It all started with the enacting of a law, the Americans with Disabilities Act of 1990. First, we had to force our entry into businesses with regulations that allowed us to even begin to be seen as consumers. Access to your restaurants, your movie theaters, your shopping centers, and your community businesses was finally granted.
However, that didn’t mean that we were included in your advertising and marketing, or in your custom and paid stock images. We weren’t included in your commercials, your websites, your magazines, or your movies. Inclusion in advertising didn’t take too long to catch on, and it’s been happening more and more. It started in 2008 with a Liberty Mutual insurance commercial starring Teal Sherer. Teal Sherer is an American actress with a disability that is seen in the commercial rolling in the rain to vote.
Guinness also got notoriety in 2013 with their Wheelchair Basketball commercial titled “Friendship”. The commercial was of people playing basketball, one of which was a man in a wheelchair. It was great, and also EFFECTIVE.
Adweek.com reported that “Guinness’ “Friendship” was the most effective TV beer spot during the third quarter, according to Ace Metrix, which also ranked the ad No.1 when comparing how all other brands competed against their specific niches (beer versus beer, apparel versus apparel, retail versus retail, etc.). The 60-second spot, created by BBDO New York, features six guys playing wheelchair basketball, revealing in the end that only one of the men needs the mobility device to participate in the game. After the final buzzer, the group heads into a pub for a few post-basketball brews. Additionally, the commercial has garnered 7 million YouTube views in the last month.”
Some people in the disability community felt the Guinness commercial was patronizing, but many of us did not, and we understood that it takes “character“ to not leave your buddy behind when he’s no longer able to play the game like before.
This sentiment is the same under varying circumstances. Keeping a friendship in spite of change is not an easy task, and many just move on verses put in the work.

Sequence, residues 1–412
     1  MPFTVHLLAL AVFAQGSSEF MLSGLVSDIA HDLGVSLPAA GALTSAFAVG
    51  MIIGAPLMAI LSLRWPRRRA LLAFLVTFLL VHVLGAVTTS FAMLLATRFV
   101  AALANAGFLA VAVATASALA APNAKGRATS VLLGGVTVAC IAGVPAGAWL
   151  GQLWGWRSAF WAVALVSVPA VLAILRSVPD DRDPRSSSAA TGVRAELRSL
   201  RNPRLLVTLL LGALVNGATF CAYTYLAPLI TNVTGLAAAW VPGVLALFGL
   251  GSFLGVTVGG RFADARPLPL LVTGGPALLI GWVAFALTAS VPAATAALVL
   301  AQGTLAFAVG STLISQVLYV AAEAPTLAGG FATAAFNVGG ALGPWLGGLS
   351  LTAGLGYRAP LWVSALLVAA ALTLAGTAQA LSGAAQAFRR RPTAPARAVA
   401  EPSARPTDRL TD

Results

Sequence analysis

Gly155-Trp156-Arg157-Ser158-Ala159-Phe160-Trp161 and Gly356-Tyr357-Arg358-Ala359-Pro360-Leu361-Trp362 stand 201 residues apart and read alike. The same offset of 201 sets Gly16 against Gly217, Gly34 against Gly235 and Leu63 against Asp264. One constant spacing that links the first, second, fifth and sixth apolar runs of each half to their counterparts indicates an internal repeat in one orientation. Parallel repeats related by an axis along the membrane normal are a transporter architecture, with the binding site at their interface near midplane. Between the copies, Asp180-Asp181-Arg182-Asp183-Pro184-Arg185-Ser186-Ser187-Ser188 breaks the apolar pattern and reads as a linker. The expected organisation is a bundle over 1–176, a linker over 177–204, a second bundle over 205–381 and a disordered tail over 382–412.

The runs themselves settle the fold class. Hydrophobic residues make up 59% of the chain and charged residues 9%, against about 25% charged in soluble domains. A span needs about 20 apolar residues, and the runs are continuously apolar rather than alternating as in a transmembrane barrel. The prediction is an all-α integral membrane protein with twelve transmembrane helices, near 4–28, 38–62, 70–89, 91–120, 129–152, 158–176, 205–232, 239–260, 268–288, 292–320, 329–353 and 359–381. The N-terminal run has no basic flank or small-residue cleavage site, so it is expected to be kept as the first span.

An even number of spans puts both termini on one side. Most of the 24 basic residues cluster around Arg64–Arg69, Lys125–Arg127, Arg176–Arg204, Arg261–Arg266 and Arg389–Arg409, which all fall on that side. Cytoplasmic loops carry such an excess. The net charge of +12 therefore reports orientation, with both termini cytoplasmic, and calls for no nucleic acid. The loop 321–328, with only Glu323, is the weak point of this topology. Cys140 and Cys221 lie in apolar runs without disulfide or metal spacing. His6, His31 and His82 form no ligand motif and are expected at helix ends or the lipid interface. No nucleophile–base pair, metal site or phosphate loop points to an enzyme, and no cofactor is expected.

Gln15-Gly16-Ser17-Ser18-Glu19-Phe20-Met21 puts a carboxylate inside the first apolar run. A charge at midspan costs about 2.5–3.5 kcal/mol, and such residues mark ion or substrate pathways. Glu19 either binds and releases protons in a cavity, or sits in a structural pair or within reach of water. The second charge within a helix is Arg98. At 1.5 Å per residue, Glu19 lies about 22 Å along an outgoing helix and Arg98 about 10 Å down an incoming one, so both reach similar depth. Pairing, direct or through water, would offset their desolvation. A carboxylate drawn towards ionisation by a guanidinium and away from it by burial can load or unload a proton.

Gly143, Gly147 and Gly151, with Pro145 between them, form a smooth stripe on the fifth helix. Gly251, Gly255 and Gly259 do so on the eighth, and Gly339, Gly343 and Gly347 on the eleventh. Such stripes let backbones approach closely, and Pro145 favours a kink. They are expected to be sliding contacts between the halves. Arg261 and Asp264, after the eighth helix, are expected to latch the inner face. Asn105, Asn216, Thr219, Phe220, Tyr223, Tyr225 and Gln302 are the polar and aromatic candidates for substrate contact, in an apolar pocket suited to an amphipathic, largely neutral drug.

Another notable example is Honey Maid’s commercial featuring a Mom with a disability, Stephanie Woodward, cooking with her daughter.
We also LOVE how fashion brand Lilly Pulitzer recently used a real disabled woman/model/Mom/fashion blogger, Priscilla Hedlin, in their new campaign without any mention of disability. This is inclusion done right.
This post on their Instagram that includes a wheeler got 24,000 likes, which is more than their 2,000-3,000 average. Their inclusion also got them FREE publicity on Southern Living, the perfect target market for their clothing line.
“With all the buzz surrounding Lilly Pulitzer’s return to Target, you might have missed the most exciting aspect of the relaunch. In the far-right of the first ad for the collection, next to the flamingoes, the giraffe, the long-legged women, and giggling young girls, you’ll notice a smiling blonde. A beautiful blonde in a Lilly Pulitzer ad isn’t exactly noteworthy—but this one is in a wheelchair.” via Southern Living.
Then, we see New York Fashion Week designers having people with disabilities roll the runway for their clothing line. This, however, is more inspiration porn than actual inclusion. Models being used for the publicity of “being inclusive” instead of actually normalizing disability by using real, professional models who happen to be disabled (like the beautiful Shaholly Ayers).
Many companies are now creating lines that are specifically made for wheelchair users, featuring seamless pants, high rise waists, and longer leg lengths for sitting. This is wonderful, and much needed, but only when it works.
Target’s attempt at “Design For All” falls short of success. The pants have flat seams, no back pockets, longer leg length, and reviews say the material is good quality. Great! The bad news is that they don’t use models in wheelchairs, which is unfortunately inadequate and explains why non-disabled people mistakenly buying them! Consumers didn’t understand that they’re for wheelchair users, and complained about them being “too long”, when the added length is for those who sit and need it for their bent knees (as pictured below).
Again, it’s great that companies are beginning to make designs for us wheelers, but some insight and consultation with experts in disability would make these kinds of mistakes avoidable. Zappos also came out with an inclusive line called “Zappos Adaptive”, which according to Liz Jackson, founder of The Disabled List, had no disabled people consulting on the project.
So, now that the case has been made, let’s talk about what really works and what you should be doing in your business today, or as soon as possible, to show that you recognize that people with disabilities exist and that they’re also your potential customers.
Get a disability inclusive spokesperson, model, inventor, or entrepreneur on your team as a consultant to make your brand/product “REAL.” PLEASE pay them an equitable amount and don’t ask them to work for free or for free products. The practice of expecting people to be grateful for the opportunity to receive free products to promote on their social media channels is done far too much in disability culture, and it demonstrates a lack of respect for the time and value of those who may be taken advantage of just to be “included.”
Just be better.
Our PUSHLiving Advisors best practices advice:
- Be inclusive, be real, be subtle, be fair, and be accurate.
- Most of all, don’t be scared to try something new and different. Doing the right thing can also be the right move for your business, and it usually pays off.